In State of the Field: Findings From the 2020 National Survey of Postsecondary Competency-Based Education, the American Institutes for Research (AIR) shares data from its third nationwide scan. An overarching takeaway is that despite any setbacks that could have occurred during the COVID-19 pandemic, interest in postsecondary competency-based education has grown.
In Fall 2020, 3,217 institutions were surveyed; that’s more than two-thirds of the two- and four-year institutions listed in the Integrated Postsecondary Education Data System. The survey had a 15.2 percent response rate – which included representation from private for-profit, private nonprofit and public institutions – and the people completing the survey included chief academic officers (39 percent), research officers (26 percent), provosts or their staff (11 percent), deans (11 percent) and other (13 percent).
What is competency-based education? While personalized learning can exist at the classroom level, competency-based education often emerges as a systemic approach to ensuring personalization across a state, community, school district and/or throughout a school.
Findings in State of the Field are focused on four areas: adoption, programs, students and the future potential of postsecondary competency-based education.
Adoption of competency-based education
The majority of postsecondary institutions surveyed about implementing competency-based education were motivated by a want to expand access to nontraditional learners, respond to workforce needs and improve learning outcomes. The adoption remains piecemeal, with institutions picking pieces and parts for competency-based education to put into action.
- Structure and scale of competency-based education programs
The AIR report shows that postsecondary competency-based education programs continue to serve a relatively small number of students. The most commonly offered disciplines with this approach were nursing and health professions and business administration. Institutions reported that their competency-based programs weathered 2020 successfully and with minimal disruption. Some even showed increases in enrollment.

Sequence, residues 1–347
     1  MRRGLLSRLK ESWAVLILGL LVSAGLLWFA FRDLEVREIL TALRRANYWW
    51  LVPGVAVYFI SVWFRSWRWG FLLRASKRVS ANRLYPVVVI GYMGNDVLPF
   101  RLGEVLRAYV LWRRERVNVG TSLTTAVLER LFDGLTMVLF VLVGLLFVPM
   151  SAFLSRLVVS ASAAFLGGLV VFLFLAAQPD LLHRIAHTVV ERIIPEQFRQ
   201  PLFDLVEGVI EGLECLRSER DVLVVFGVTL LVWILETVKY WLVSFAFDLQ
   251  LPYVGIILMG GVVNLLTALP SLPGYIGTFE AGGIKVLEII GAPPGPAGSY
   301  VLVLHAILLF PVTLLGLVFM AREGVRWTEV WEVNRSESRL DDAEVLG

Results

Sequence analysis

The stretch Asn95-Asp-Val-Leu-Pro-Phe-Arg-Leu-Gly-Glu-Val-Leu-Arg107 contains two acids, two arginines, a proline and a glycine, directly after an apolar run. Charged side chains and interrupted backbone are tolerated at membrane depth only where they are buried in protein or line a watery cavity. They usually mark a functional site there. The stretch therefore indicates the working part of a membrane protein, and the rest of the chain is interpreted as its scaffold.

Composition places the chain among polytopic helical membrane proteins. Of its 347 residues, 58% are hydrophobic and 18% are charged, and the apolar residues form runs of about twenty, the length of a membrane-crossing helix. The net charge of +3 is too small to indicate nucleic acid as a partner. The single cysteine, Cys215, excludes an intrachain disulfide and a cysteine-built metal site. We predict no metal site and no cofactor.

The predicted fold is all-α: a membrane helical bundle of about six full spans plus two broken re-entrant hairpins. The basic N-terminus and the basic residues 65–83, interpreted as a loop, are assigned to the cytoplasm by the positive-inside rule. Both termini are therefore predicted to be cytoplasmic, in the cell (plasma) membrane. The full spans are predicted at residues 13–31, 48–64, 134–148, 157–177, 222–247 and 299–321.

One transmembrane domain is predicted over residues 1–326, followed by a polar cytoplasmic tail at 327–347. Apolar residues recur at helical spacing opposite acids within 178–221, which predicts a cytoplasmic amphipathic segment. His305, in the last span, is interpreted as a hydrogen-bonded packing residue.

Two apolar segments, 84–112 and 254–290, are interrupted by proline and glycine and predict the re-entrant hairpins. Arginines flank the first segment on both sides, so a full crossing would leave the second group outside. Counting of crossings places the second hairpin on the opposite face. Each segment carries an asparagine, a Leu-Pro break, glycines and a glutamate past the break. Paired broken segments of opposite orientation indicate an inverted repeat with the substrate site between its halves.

- Competency-based education programs serving students
While State of the Field does share useful findings, the data about students seeking out these programs was the weakest, which is noted in the publication, and that further research in this area is needed. However, the data suggest that many students enrolled in these programs are adult students over the age of 25 and may enter the programs with existing higher education credits.
- Looking to the future of postsecondary competency-based education
As postsecondary institutions look ahead, they still perceive substantial barriers to implementing competency-based education. These barriers vary but include competing initiatives, internal processes, start-up costs and on-campus expertise. Eighty-two percent of survey respondents say they expect postsecondary competency-based education to grow nationally, which is very much aligned with the previous two years’ research.
What's next for postsecondary competency-based education?
Understanding more about student motivation for postsecondary competency-based programs seems an essential piece to understanding the future of this approach in higher education. What happens when students experiencing competency-based education in K-12 move into higher education and want to similar experience? Will market demand further higher education competency-based options?